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When it comes to pocketbooks, legislators hit college kids and state workers again

After a year of incremental drops in the state’s unemployment rate, Florida lawmakers came to the Capitol armed with promises to jump start jobs, but they left handcuffed by the stubborn economy.

The 60-day legislative session that ended Friday was largely dominated by small reforms on a few pocketbook proposals. Gov. Rick Scott and the Republican-led legislature honored their pledge not to raise taxes, an article of faith for them in an election year. But to fill a $2 billion budget gap, they cut $300 million from universities and colleges, $1 billion from state worker pensions, and made another round of deep spending cuts in prisons, health care and social services.

While lawmakers scaled back higher education and social programs, they also delivered hundreds of millions of dollars in tax breaks to private businesses.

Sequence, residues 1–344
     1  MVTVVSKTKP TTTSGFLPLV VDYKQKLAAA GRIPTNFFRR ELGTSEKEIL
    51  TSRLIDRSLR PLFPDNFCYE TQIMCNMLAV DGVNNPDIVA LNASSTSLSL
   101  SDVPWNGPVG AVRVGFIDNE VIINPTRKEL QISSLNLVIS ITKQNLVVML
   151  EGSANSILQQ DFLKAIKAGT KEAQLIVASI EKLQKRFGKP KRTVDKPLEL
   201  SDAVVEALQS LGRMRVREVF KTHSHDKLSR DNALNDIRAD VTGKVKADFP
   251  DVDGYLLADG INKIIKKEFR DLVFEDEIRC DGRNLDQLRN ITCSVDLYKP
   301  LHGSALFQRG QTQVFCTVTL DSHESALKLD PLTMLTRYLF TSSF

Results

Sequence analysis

In a last-minute compromise, lawmakers also crafted a fraud-reform plan intended to lower premiums for the state’s no-fault auto insurance system, or PIP. In the end, however, they couldn’t agree on including requirements that insurers actually reduce their rates.

Despite the difficult balancing act, the self-proclaimed “jobs governor” was buoyant around midnight Friday that Floridians will see more hiring throughout the economy because of this session. Keep reading.

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